And Peter was hungry this says when he went up on top of the roof. He wanted something to eat as it was being prepared for him. That was probably an instrumental dynamic for why Peter took that vision of food God subsequently gave him to heart. Another dynamic that I am sure played a part here was that Simon Peter, was staying in the house of Simon the Tanner. Being a Tanner of hides means that he was slaughtering animals and taking the hides and making leather. Jews avoided anyone that touched the flesh and blood of animals. I am sure many were shocked that Peter even associated with such a man. But all this God setup in advance for His purposes. It gave a perfect scene backdrop for the vision that God was about to gift to Peter on the roof that day.  Verse 11 reads:

11 He saw the heaven opened and something like a large sheet coming down, being lowered to the ground by its four corners. 12 In it were all kinds of four-footed creatures and reptiles and birds of the air. 13 Then he heard a voice saying, “Get up, Peter; kill and eat.” 14 But Peter said, “By no means, Lord; for I have never eaten anything that is profane or unclean.” 15 The voice said to him again, a second time, “What God has made clean, you must not call profane.”
16 This happened three times, and the thing was suddenly taken up to heaven.

Now we live in the middle of America, and most of us would call this event either a great setup for a picnic or barbeque opportunity. However, I know all around the world are people have different dietary standards, and many practice some “flavor” of vegetarianism. In the U.S., four percent of men and seven percent of the women are defined as vegetarians. Whereas in India 31 percent of the population is considered vegetarian. Overall, of the 7.3 billion people on earth, there are roughly 10-20 percent of the people that don’t eat meat at all.

Now Jews are not vegetarians, but they have very strict religious diets. Peter was a Jew, and according to Jewish law as written by Moses in Leviticus 11, certain foods were forbidden to be eaten. For instance rabbit and pigs, fish without scales, eagles, hawks, rats, weasels, snakes & lizards just to name a few; all were forbidden to be eaten, and anyone that does would be considered unclean.

This large sheet is better described to be like a large ships sail; it was huge, and it was full of forbidden living things that Jews, under the old covenant, could not eat. Even today Jews cannot eat anything that is not considered kosher. Kosher means not only is it an approved type of animal, but it must be handled in a very specific way as not to be defiled as it is being processed. That is the normal Jewish environment from which Peter was coming from. They didn’t even want to touch such unclean animals let alone eat them. This was a big deal for Peter.

Through this vision, God was correcting the Jewish practice. What is interesting is that Jesus Himself addressed this issue while He was ministering in Jerusalem.
As written in Mark 7, Jesus gave the people a parable, for which afterwards He explained, “Do you not know that whatever goes into the man from the outside cannot defile him, because it does not go into his heart, but into his stomach and is eliminated. He said, “That which proceeds out of the man, that is what defiles the man.” Jesus was focusing on the latter, being that sinful acts is what really defiles a person, not food. But old habits are hard to break, and Peter was being challenged now by God for what Peter “thought” was important and true.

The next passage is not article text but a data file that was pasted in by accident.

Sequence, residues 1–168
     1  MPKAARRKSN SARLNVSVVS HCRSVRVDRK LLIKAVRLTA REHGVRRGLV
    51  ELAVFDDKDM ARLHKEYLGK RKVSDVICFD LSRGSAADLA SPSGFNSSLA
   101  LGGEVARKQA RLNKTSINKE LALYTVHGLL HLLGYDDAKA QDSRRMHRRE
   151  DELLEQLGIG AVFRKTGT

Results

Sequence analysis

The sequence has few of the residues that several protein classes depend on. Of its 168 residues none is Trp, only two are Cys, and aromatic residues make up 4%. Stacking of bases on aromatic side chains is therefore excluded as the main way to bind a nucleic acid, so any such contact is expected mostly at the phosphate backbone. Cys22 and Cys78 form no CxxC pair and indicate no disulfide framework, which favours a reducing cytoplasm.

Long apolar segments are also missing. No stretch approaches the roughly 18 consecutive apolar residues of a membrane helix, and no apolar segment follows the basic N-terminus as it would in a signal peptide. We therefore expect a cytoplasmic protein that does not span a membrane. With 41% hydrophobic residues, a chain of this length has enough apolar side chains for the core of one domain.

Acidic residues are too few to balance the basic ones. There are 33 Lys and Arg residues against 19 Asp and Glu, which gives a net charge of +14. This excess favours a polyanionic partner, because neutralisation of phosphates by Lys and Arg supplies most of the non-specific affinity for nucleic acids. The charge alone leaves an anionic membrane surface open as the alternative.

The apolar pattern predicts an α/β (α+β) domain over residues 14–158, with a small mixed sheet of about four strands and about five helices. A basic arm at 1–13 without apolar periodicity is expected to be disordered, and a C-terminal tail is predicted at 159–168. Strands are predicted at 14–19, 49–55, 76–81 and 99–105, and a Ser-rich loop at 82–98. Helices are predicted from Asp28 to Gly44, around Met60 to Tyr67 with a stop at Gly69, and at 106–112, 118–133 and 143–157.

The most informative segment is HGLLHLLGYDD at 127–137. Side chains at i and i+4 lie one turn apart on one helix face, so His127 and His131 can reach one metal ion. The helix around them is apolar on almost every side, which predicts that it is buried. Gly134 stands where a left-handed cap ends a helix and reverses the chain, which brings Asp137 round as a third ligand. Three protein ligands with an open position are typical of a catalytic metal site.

17 Now while Peter was greatly puzzled about what to make of the vision that he had seen, suddenly the men sent by Cornelius appeared. They were asking for Simon’s house and were standing by the gate. 18 They called out to ask whether Simon, who was called Peter, was staying there. 19 While Peter was still thinking about the vision, the Spirit said to him, “Look, three men are searching for you. 20 Now get up, go down, and go with them without hesitation; for I have sent them.” 

I find it fascinating that God has set this all up so that Peter will know without a shadow of doubt that it is God that is at work here. We know that before all this God spoke to Cornelius. Cornelius then sent these men to Joppa, and they just happen to show up at the exact moment that Peter is pondering the vision.
The vision Peter saw about unclean animals happened three times, and then verse 19 says that three men were now at the door, this too is no accident.
God wanted to make it clear to Peter that the people that you have formerly regarded as common and unclean and separated from your fellowship are not to be viewed that way. Go with these men.

I also find it interesting that there is something special about the number three with Peter. In the past we know that Peter denied even knowing Jesus three times when He was being persecuted prior to being hung on the cross. Jesus even told Peter he would do this ahead of time. Then later, three times Jesus asked Peter “Do you Love Me” after He rose from the grave and before Jesus ascended into Heaven. Peter must have been that kind of guy that needed to be told or showed three times before he got it. I can symphonize with Peter myself in this J